About RNAweasel and MFannot


RNAweasel predicts complex structured mitochondrial RNAs, using ERPIN (1) as a search engine. ERPIN's search algorithm is based on RNA secondary structure profiles, which are computed from RNA sequence alignments plus user-defined secondary structure information as an input. Much of its efficiency stems from the definition of precisely delimited structural elements that can be searched individually or in combination, by using a defined search order ('search strategy'). It is currently the second-most sensitive search algorithm for structured RNAs (following the outstanding covariance-based Infernal program based on Cove [2], which however is currently not suited for RNA molecules that are longer than 500 nt, and which does not allow the modeling of pseudoknots that are an essential feature of some structured RNAs.

The availability of correctly aligned RNA sequences as training sets, and the deduction of precise secondary structure definitions are THE key prerequisites for using ERPIN. We have therefore developed the RNAweasel tools: for the compilation and manipulation of sequence training sets, including easy visualization and editing of alignments and structure definitions (using GDE; 3), automatic alignment of ERPIN results, normalization of training set sequences, and a reiterative mode of search that helps to build trainingsets starting from just a few initial sequences. A set of optimized intron training sets that are used in this service are discussed in (4), and a recent application to finding unorthodox trans-spliced group I introns in Trichoplax mtDNA in (5). The current version of RNAweasel is based on ERPIN version 5.2.1.

RNAweasel searches includes mitochondrial and plastid genomes for:

We have developed automated annotation for mitochondrial and plastid genomes that requires little if any manual corrections (replacing manual annotation of often many days to a few minutes ...). It makes intense use of the RNA/intron detection tools described above, and is particularly helpful with organelle genomes that contain lots of introns. Intron-exon boundaries are identified by a combination of intron splice rules and exon similarities, and are thus precise in most instances. The output of MFannot is listings of gene coordinates either in XML format, a format that can be directly loaded into NCBI sequence submission tools, or in masterfile format (computer-parsible as well as human-readable; annotations embedded into the sequence). In its current form, bilaterian mtDNAs will not be properly processed, a feature that we do not plan to develop.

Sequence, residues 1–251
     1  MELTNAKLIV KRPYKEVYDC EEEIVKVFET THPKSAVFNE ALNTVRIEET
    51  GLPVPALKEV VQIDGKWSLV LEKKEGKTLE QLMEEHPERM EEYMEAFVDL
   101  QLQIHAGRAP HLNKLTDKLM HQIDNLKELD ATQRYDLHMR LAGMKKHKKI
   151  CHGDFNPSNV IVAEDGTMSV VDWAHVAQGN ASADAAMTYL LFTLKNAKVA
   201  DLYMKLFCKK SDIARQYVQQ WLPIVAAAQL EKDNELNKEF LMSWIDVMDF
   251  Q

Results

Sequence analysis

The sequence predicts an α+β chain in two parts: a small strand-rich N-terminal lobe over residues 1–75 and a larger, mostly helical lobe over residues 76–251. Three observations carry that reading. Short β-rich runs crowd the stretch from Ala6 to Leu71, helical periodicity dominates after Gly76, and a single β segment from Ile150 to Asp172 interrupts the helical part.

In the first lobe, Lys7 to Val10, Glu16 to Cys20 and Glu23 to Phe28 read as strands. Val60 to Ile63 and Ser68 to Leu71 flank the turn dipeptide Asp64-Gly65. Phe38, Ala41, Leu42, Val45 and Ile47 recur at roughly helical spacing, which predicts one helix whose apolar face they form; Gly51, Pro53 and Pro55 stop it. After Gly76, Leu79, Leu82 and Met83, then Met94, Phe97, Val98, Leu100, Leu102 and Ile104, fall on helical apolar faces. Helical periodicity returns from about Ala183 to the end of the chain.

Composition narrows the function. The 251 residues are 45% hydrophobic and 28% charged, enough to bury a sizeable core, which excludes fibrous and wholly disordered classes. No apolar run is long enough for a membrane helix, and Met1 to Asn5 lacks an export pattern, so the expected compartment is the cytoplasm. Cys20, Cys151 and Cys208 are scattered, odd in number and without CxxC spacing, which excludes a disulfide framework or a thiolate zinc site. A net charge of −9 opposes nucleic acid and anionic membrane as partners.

Results will be provided by Email only. We recommend that you view the email-appended file with an asci viewer that is set to a fixed-width font like Monospace
. In case of problems, comments or questions, please contact      

Franz.Lang [at] Umontreal.ca


(1) Gautheret, D., and A. Lambert (2001)
      Direct RNA motif definition and identification from multiple sequence alignments using secondary structure profiles.
      J Mol Biol 313:1003-1011

(2) Eddy SR and Durbin R (1994)
      RNA sequence analysis using covariance models.
      Nucleic Acids Res 22: 2079-88

(3) Smith, S. W., R. Overbeek, C. R. Woese, W. Gilbert, and P. M. Gillevet (1994).
     The genetic data environment an expandable GUI for multiple sequence analysis.
     Comput Appl Biosci 10:671-675

(4) Lang B.F., M-J. Laforest, and G. Burger (2007)
     Mitochondrial introns: a critical view. 
     Trends Genet 23

(5) Burger G, Yan Y, Javadi P and Lang  BF (2009)
      Group I-intron trans-splicing and mRNA editing in mitochondria of placozoan animals.
      Trend in Genetics 25: 381-6


Support has been generously provided by NSERC, Genome Quebec/Canada and the Canadian Research Chair program. Special thanks to Guy Troughton (guytroughton@bigpond.com) for permitting us to use his artistic weasel drawing.